What would be a blog post without photos? And a show without picture proof that there was a show? Thanks to photographer Sergey Sanin, me and the other comedians got these amazing photos. Check out more of Sergey’s work on www.sergeysanin.de and more of the show’s photos here.

Lastly, after a gig, people that don’t have anything to do with comedy want to give me advice. Well, I myself don’t feel in position to give comedy advice to anyone, either. Better stop reading right now. Though today, I was asked for advice in front of a group of people that want to do stand-up comedy. (Yeah, I accidentally mistook the comedy workshop with the improv workshop but then they started asking me these questions and I kinda liked it). Because it made me think. And I came up with some answers that feel right. At least to me. Maybe to you, too? Did I miss anything? Let me know. Here we go, I made a list. That’s what bloggers do:

– Don’t listen to anyone’s advice unless you want to become that person. Follow advice of people who you appreciate.
– Don’t show a bad attitude. Care for the audience.
– Be present, be in the moment, have fun.
– Fuck up as much as you can. Learn from it.
– What do you really think is funny and why?
– Write everything down that interests you.
– Know yourself. Be yourself. What makes you unique? Could your set be told by any other person?
– Before doing an edgy topic, maybe start talking about yourself first.
– Every bit you put into comedy pays off. Unless you only post selfies.
– You don’t have to know all comedians. Don’t copy anyone. But kinda have an idea of what’s already out there. How can you contribute to the art?
– Identify what you want: Attention? Money? Fame? Or become a good comedian?
– Just do it and see where it takes you.
– Yeah, and of course basics like don’t steal jokes, be kind, speak clearly, learn to hold the mic.

 

Now, showtime:

Martin Niemeyer, Alexandra Schiller, Christin Jugsch, le Wenzel, Majbritt Bartelsen, Axel Heckmann and Headliner Stefan Danziger. (c) Sergey Sanin
100 % büttenredenfrei (c) Sergey Sanin
Half Ingo half Inge (c) Sergey Sanin
Danke to (c) Sergey Sanin and all artists!

 

 

Next show: March 22nd!

Improv Comedy: Oh! Kult!

Improv Comedy is my quirky balance to stand-up comedy. It’s like creative cooking versus strictly following a baking recipe. And at the end, it turns out to be a drink. With a fancy straw. I learned it in San Francisco. And my improv buddy Regina in New York. Together we are Push Any Button Improv from Hamburg.

Before I reveal some news about projects this year, I wanted to share some pictures with you from one of our past performances: Oh! Kult! One afternoon in late fall, Regina and me sat in an underground cave in Hamburg’s artsy district Gängeviertel at Urbane Kunstkammer Festival. Foods, music, arts, exhibitions, urban culture and us. Yeah I wrote Foods first, cuz that’s all I think about. And us last cuz I’m polite. But also, because we were in the darkest and most mysterious corner:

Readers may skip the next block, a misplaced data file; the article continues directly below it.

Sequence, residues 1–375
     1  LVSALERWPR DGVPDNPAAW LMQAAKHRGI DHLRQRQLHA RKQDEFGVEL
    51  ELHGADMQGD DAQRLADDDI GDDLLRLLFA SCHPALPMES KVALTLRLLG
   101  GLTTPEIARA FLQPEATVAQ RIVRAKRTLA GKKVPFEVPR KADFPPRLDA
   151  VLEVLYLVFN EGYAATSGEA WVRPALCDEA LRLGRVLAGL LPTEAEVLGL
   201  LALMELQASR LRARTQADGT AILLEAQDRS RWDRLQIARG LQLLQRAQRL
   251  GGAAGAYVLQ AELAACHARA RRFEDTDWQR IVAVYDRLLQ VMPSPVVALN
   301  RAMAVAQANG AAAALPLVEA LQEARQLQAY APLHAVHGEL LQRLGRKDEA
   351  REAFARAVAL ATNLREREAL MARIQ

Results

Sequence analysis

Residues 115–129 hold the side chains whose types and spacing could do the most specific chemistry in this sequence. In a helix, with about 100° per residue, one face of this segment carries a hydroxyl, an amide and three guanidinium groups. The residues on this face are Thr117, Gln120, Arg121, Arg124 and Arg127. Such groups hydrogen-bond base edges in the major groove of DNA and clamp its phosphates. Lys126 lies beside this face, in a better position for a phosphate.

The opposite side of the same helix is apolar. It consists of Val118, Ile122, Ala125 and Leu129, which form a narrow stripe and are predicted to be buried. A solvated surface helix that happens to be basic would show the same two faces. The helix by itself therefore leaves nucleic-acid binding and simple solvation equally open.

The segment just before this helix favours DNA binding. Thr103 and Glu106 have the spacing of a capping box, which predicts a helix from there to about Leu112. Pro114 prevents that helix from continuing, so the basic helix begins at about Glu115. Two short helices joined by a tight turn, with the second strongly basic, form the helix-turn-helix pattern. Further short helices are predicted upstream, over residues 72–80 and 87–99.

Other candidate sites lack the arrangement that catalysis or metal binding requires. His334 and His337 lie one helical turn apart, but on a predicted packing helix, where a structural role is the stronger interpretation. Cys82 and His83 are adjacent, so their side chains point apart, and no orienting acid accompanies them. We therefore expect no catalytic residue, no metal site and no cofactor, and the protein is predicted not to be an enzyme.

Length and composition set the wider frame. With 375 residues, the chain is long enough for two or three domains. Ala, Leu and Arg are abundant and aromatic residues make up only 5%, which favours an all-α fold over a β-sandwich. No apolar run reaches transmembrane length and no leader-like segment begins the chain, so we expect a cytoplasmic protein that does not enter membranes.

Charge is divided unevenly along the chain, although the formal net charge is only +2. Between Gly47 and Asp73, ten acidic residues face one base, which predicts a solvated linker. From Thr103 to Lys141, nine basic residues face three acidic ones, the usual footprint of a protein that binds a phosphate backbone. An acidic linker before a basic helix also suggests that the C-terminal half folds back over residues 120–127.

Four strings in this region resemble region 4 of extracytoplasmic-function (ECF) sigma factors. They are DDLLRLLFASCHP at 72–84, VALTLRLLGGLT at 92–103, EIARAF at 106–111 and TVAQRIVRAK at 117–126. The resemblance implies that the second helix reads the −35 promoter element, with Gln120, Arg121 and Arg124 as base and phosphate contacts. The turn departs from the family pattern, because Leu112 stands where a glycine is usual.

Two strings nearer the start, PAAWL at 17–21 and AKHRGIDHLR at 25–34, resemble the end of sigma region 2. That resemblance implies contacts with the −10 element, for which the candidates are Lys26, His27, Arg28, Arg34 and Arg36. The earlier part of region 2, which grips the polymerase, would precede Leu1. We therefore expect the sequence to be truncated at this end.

Guests explored the narrow and dingy underground hallways. Neon lit art and dj sounds guided them to us: two mediums (the third one, Günther, couldn’t come cuz he’s a truck driver and was, at that time, on Autobahn 2). We invited all interested guests to take part in our Silly Séance with creative tarot cards. Playfully superstitious, never serious but always sincere with our guests. Everyone experienced an entertaining and friendly fortune-telling session. If the cards weren’t right enough, we interpreted the shapes of our lunch box tin foil. 

The result: an extraordinary, individual improv performance. And everyone got a personalized tarot card to take home:

Thank you Stefan Karstens, Stimmungsfänger, for coming by to take our photos!

 

Ingrid and Regina welcoming their guests inside the cave at Urbane Kunstkammer (c) Stimmungsfänger

 

Artsy Tarot Card Reading (c) Stimmungsfänger

 

Exhibition of some of our hand crafted tarot cards. Most popular was the glitter Arschkarte.

 

This photo was taken during a short Oxygen break (c) Stimmungsfänger

 

And here are some of the results: These are the hand made cards we crafted for our guests (1/2)

 

(2/2)

 

Further reference in German: Urbane Kunstkammer More photos: here

 

 

 

I’m not a real Dj

I’m not a real DJ. In fact, I’m a fake DJ. Just don’t tell anyone, will you?

 

I just casually wear my headphones to look like a DJ.

 

Let’s say your profession is a technician. Strangers walk up to you and say „you’re not a real technician“! How would you react?
— „You’re right, I’m not a real technician, I’m actually a hair dresser and you’re the only one who noticed.“

On a somewhat regular basis, party guests tell me (or yell at me) that I am not a „real DJ“. Often, it’s the first thing they do when they enter the club. It’s their version of saying hello. And they don’t even need alcohol for that! And mostly, it’s men. I blew their mind by being a DJane. I don’t get it. It’s 2017. Everyone is a DJ. Everybody has a playlist and an opinion. And thanks to the Internet, everyone now thinks their opinion matters. If there was a DJ university, I would do my PH DJ. Just to show critics my sweet DJ Diploma. But the reasons for being a “fake DJ” are numerous, as I explain later.

 

„You’re not a real DJ.“
„Right, I am not a real DJ. I am actually a crêpe cook and mistook those turntables for hotplates.“

 

 

 

DJane or Crêpe cook?

 

 

  • Someone always hates the DJ.